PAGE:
Can my charges be reduced?

By Jonathan Blecher on June 17, 2022

You’re facing serious criminal charges, and you don’t really think that you can totally avoid a conviction – but you may have hope of seeing your charges reduced. Reduced charges (especially when they take an offense from a felony to a misdemeanor) can still benefit you when it comes to sentencing and the overall impact on your life.

Below are some instances where the prosecution can reduce the charges against you.

You’ve negotiated a plea deal

Sometimes, a plea deal involves pleading guilty or no contest to lesser charges in exchange for a lenient sentence. After accepting a no contest plea deal, you will likely end up with reduced charges compared to what you initially faced.

There is insufficient evidence to support the higher charges

For a conviction, the prosecution must prove your guilt beyond a reasonable doubt. If the evidence against you is insufficient to meet that threshold for the higher charges, but it is enough to convict you for a lesser offense, the prosecution may opt for that to reduce the chances of a not-guilty verdict.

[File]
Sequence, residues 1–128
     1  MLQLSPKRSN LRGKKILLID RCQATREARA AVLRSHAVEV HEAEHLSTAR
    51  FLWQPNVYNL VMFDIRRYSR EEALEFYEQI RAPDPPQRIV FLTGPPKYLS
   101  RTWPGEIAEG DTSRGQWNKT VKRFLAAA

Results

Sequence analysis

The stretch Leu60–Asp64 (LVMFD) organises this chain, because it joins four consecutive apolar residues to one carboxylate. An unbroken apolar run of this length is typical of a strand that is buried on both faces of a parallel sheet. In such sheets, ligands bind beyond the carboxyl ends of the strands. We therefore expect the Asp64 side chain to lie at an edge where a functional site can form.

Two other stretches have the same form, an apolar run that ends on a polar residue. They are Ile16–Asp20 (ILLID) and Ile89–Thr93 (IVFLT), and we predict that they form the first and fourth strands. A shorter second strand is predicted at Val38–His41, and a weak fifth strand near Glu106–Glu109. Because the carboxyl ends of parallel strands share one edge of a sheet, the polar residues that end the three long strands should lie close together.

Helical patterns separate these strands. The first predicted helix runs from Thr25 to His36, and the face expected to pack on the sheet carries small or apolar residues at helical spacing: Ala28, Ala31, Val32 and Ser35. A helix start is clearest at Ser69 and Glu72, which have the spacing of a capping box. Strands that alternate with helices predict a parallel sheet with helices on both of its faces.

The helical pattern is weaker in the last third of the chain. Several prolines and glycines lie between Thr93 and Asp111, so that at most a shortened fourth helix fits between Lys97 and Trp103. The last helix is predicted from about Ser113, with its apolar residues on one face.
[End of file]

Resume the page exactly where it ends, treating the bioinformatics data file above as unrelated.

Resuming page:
For instance, if the prosecution cannot prove your drunk driving charges but have evidence to show that you were driving recklessly, they may go with an assured conviction (or a withhold of adjudication) on the lesser charge.

You’ve shown a willingness to cooperate

In some rare instances, law enforcement may need your help to solve other crimes or go after “bigger fish.” If you cooperate with the police by testifying or providing the necessary assistance, the charges against you may be reduced or even entirely dismissed.

A sound defense can help you get the best possible outcome for your case, whatever that may be, so don’t commit to anything until you fully understand your legal options.

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